Central London ULEZ to be introduced by 2019

 

London mayor Sadiq Khan has confirmed that an Ultra Low Emission Zone (ULEZ) will be introduced in central London by 2019, a year earlier than originally envisioned.

Vans and lorries will need to be Euro-6 to avoid a daily charge of £100 for HGVs and £12.50 for LCVs to enter the ULEZ, which will operate 24/7.

This is on top of the London Congestion Charge.

The news came as Khan launched a second consultation asking for Londoners’ views on further proposals, including extending the ULEZ to include the North and South Circular roads as soon as 2019; and making HGVs operating within Greater London subject to the ULEZ as soon as 2019.

There are also plans to introduce a separate T-charge affecting older vehicles from October 2017. This will likely affect vans driving into the Congestion Charge Zone, as anything that does not meet the Euro-4 emissions standard by this point will be required to pay a £10 daily fee (during Congestion Charge times: 7am to 6pm).

The FTA had previously warned that the ULEZ would only be manageable for operators if the central London area and the 2020 deadline for HGVs in Greater London stayed the same.

It has stated that if either were to be altered due to a change of mayor, it would cause serious difficulties for businesses.

Malcolm Thorpe, MD of Grimsby-based CTL European, disqualified from being a director

Disqualified

 

A haulage boss who raised hundreds of false invoices worth almost £125,000 to a factoring company has been disqualified for seven years following an investigation.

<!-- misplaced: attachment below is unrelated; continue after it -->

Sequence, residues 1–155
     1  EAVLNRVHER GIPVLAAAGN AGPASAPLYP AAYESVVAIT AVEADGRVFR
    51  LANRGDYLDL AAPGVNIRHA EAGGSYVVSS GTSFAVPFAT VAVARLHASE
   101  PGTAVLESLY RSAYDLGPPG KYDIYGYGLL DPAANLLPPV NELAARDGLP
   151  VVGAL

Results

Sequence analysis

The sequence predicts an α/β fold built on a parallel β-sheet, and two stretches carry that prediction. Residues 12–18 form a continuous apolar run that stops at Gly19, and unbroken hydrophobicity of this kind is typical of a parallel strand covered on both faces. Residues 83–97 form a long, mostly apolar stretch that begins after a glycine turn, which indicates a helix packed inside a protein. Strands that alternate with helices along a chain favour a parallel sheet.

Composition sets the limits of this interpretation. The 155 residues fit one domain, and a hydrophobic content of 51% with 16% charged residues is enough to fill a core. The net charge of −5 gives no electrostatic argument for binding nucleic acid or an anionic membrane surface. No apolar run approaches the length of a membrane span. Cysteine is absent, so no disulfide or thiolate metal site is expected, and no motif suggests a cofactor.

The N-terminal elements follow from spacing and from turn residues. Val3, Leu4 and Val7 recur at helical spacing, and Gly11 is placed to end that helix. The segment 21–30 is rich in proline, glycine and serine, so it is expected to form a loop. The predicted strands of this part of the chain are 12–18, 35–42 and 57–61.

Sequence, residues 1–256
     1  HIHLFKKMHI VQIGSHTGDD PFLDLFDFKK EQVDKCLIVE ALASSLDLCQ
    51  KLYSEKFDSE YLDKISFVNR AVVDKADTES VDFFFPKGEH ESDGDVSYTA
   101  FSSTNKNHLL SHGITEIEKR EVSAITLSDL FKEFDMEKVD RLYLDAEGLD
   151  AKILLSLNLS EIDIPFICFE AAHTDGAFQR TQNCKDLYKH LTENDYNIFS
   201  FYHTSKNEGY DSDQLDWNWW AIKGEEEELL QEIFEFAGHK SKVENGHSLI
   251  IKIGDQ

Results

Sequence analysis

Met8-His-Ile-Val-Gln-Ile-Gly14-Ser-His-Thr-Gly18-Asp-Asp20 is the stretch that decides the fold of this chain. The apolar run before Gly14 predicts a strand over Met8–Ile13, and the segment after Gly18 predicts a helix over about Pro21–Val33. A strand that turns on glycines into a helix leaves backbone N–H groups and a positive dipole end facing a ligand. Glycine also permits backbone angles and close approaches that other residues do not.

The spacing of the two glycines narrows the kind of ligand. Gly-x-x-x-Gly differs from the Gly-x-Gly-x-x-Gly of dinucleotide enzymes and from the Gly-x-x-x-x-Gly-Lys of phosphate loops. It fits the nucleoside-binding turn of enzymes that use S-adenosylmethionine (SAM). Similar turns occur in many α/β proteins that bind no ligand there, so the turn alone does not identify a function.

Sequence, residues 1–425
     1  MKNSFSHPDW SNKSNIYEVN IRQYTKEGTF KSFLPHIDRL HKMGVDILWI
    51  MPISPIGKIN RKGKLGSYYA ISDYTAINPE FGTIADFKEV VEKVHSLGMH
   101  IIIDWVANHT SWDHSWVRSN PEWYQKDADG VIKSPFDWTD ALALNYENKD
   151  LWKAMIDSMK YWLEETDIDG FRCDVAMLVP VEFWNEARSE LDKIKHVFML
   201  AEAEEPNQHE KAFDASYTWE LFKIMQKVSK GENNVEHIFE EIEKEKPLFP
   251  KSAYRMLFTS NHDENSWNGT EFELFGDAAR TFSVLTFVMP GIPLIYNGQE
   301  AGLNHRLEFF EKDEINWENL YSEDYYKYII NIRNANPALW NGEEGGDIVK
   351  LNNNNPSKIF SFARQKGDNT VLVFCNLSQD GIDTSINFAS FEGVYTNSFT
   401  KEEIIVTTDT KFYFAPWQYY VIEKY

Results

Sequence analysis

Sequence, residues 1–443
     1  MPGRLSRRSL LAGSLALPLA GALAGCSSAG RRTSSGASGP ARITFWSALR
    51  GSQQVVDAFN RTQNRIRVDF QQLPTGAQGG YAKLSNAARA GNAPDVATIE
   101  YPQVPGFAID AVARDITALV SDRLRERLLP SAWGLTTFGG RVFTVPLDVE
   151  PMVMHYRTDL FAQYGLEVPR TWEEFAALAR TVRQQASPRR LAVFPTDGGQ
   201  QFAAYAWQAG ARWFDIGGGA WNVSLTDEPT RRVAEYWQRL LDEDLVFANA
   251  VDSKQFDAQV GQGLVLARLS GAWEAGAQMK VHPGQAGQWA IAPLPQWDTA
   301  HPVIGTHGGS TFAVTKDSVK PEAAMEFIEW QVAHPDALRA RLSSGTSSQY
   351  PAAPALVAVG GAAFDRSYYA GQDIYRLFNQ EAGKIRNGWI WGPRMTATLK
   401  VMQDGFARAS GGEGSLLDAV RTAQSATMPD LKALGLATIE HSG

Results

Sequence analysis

Malcolm Thorpe, MD of Grimsby-based CTL European, cannot act as a director or manage a company until 2023 after an audit by Skipton Business Finance (SBF) in September 2014 uncovered “a number of discrepancies on invoices”.

It also found the haulier was £46,000 in arrears to HMRC.

SBF instructed Leonard Curtis to take control of the company’s affairs and it entered administration the following month with an estimated deficiency of £177,551.

According to the Insolvency Service (IS), Thorpe raised 326 false or duplicate invoices over two separate periods.

These were submitted to CTL’s factoring company and caused losses of at least £124,670.

The IS said Thorpe did not dispute that he had failed to take adequate action or follow company procedure, which resulted in CTL obtaining funds from a factoring company to which it was not entitled.

IS chief investigator Robert Clarke said: “Using false documents is contrary to the conduct expected of a company director.

"The IS has strong enforcement powers that it will not hesitate to use to remove dishonest or reckless directors from operating a business in an environment with the benefit of limited liability.”